Blown Away by Bolivia
Bolivia, South America
We were back on the 'tourist loop' of south-western Bolivia and the dust plume I guessed was from a speeding 80 Series Land Cruiser driven by yet another tour operator keeping to a tight timetable and loaded with backpackers paying a $100 or so for a three day excursion from Uyuni.
We had headed out to the lake and camped on its bright white surface at the eastern edge of a long stretch of brine water that stretched for a few kilometres across the lake surface. As much as I wanted to drive across the lake to one of the inhabited islands the salt lake supports, there was no way Neil, my travelling companion, or I, were driving our vehicles through long sections of salty water just for the fun of it; we were a long way from home and with just three and a half months of our South and Central America Overland jaunt behind us, we still had six months to go.
But as soon as the sun dropped below the distant skyline the temperature began to plummet. By the time the last backpacker had left and the last light had faded from the western sky we were crowding into jumpers, jackets and long johns in an effort to stay warm. That night our water tanks froze, as did the gas bottles; even water bottles inside the camper froze as we reckon the temperature dropped below minus 10 degrees Centigrade.
Our first introduction to Bolivia had been warmer!
By sheer good fortune though the next day we found ourselves camped amongst palm trees and beside a spring fed warm stream.
Stopped for lunch just off the highway near the railway line that turned out to be a spot where trucks were taking soil down the road. One of the truckies stopped and told us (with sign language and a few Spanish words we could understand) that there was a river nearby and a good spot to swim.
We went to investigate. Turned out to be the Aguas Calientes - a spring fed river where there is a small camping area (GPS 18°28'1.2"S 59°29'46.1"W) set up amongst a grove of palms. We quickly made up our mind to stay - one night ... then after having a swim in the 42°C water which flows quickly over a sandy bottom ... for two nights! There's clean toilets and the caretaker is friendly, the grounds being kept very clean by him ... and later by his wife. Cost was just 4B/night/person or about 0.70cents!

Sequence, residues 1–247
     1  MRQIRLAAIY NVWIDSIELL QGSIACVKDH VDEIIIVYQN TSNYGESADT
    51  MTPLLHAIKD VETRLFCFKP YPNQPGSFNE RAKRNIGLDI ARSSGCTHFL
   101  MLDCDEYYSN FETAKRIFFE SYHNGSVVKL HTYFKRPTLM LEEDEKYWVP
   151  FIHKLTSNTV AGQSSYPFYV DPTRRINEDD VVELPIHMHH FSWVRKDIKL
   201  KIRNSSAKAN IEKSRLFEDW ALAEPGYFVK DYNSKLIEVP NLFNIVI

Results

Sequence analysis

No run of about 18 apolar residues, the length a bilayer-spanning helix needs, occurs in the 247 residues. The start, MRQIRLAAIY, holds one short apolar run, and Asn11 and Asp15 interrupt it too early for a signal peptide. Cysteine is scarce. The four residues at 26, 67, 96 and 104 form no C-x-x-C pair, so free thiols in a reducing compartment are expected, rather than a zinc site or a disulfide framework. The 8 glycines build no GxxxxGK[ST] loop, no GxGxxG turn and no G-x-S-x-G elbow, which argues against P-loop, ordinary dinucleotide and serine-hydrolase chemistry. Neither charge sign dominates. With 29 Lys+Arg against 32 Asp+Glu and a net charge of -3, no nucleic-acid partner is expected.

El Fuerte mightn't be so well known as Peru's Machu Picchu, but it features many of the same incredible traits; a virtually impregnable hilltop fortress, a place to pay homage to the sun gods, perfect alignment to the sun's equinoxes, impeccable stonework and trapezoidal shaped doorways. While the site dates back to around 1500BC, most of what you see, after taking the steep vehicle track to the park's entry gate and then walking for a few hundred metres to the top of the mountain, dates to when the Incas were in control around 1500AD and just before the Spanish arrived and wiped out their civilisation.
Instead, that evening a little higher up in the mountains from Potosi, while searching for a campsite off the main highway, the big Ford F250 of Neil's became bogged. In what was more of a Monty Python sketch than a well run recovery operation, we finally got the rig out with the use of some hard shovel work (ever tried that at 4200m???), the use of four Maxtraxs and a tug by the Patrol, which was wheezing like all of us at that altitude.
Once again we were breathless at over 4200 metres, but this 60sq km lake is just 80cm deep and its reddish waters are alive with algae and plankton that attracts all three species of South American pink flamingos. While they mightn't be in as large a number as the pink flamingos of the salt and soda lakes of East Africa, to see hundreds of them at this altitude, surrounded by a bare and harsh but spectacular landscape, is quite unforgettable.